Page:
Bernard Hodes Group published a study in 2007 entitled Playing for Keeps/Recruiting for Retention. It found that the top two reasons people leave an organization are a limited career path (cited by 51% of the respondents) and inadequate pay and benefits (cited by 50% of the respondents). In today’s environment, these data are most applicable to the best talent-the workers an organization can least afford to lose-because it’s they who have the greatest number of employment options, even in a down economy. Improving compensation and benefits is probably not a viable response in the near term, so organizations should focus on the other factor to ensure the retention of their best performers. Build credible career paths that will engage and challenge these employees and make sure they know about those opportunities and have a reasonable shot at achieving them. Supplement these pathways with a curriculum of career self-management courses that will ensure each individual not only knows what to do but how to do it successfully. Together, those two factors-aspirations and accelerating knowledge-create a sense of future possibilities that can hold the allegiance of your best talent even in the face of aggressive outside recruitment.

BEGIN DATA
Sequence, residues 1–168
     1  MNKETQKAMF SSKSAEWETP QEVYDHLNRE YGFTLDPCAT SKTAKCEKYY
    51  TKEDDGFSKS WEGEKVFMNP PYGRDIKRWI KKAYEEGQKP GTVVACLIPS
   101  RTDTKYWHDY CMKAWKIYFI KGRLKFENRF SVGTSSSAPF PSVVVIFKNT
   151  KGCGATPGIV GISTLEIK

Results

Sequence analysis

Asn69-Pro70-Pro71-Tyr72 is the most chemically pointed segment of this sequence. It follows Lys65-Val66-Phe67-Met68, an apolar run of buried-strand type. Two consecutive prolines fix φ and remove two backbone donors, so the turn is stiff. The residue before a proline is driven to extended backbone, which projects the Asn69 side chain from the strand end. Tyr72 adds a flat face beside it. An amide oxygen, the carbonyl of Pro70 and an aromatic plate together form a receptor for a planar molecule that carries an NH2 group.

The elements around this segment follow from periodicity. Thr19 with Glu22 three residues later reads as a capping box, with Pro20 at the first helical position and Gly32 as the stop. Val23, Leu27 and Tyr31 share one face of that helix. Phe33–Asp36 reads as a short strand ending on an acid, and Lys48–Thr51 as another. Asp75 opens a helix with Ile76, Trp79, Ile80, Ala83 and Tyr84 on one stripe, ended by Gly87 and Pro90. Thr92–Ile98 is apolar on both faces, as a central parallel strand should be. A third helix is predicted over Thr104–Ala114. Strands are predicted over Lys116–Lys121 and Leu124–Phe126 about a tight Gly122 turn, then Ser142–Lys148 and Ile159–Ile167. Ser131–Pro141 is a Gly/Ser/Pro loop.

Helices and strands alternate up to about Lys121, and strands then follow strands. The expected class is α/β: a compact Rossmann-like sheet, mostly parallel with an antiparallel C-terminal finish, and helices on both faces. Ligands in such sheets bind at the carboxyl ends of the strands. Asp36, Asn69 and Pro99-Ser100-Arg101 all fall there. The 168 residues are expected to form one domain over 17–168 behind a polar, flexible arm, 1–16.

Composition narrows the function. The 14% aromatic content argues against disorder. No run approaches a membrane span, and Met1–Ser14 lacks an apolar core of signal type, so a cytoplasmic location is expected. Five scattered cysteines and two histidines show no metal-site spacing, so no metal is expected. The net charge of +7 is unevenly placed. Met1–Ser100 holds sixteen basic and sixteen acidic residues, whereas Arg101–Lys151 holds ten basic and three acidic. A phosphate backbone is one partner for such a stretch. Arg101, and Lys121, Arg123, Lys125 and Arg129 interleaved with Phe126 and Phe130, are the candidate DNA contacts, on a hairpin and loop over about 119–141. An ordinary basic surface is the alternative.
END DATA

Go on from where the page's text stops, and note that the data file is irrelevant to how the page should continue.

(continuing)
Financial Planning magazine published an article by Texas Tech associate professor Deena Katz that offered some advice to service companies about making promises to customers. She suggested, “Before proposing to offer a new service, don’t think twice-think three times.” Why? Because there’s nothing worse in the service delivery business than making a commitment to someone and failing to follow through. What’s that got to do with recruiting? We’re in the service delivery business too, and every time we speak (or advertise) to a candidate about our organization’s employment brand, we are in essence making a promise. We’re implicitly or even explicitly making a commitment to deliver a certain organizational culture and set of values and a certain work environment and chance to excel. Most candidates and especially the very best ones accept our offers based on those very representations. They aren’t looking for a job; they’re seeking a better career advancement opportunity. When our promise turns out to be false, therefore, when we say one thing and deliver another, the new hire inevitably feels as if they’ve been duped and mistreated. And those who feel duped and mistreated are also inevitably the first to leave and the first to tell others about the organization (and the recruiters) that break their promises.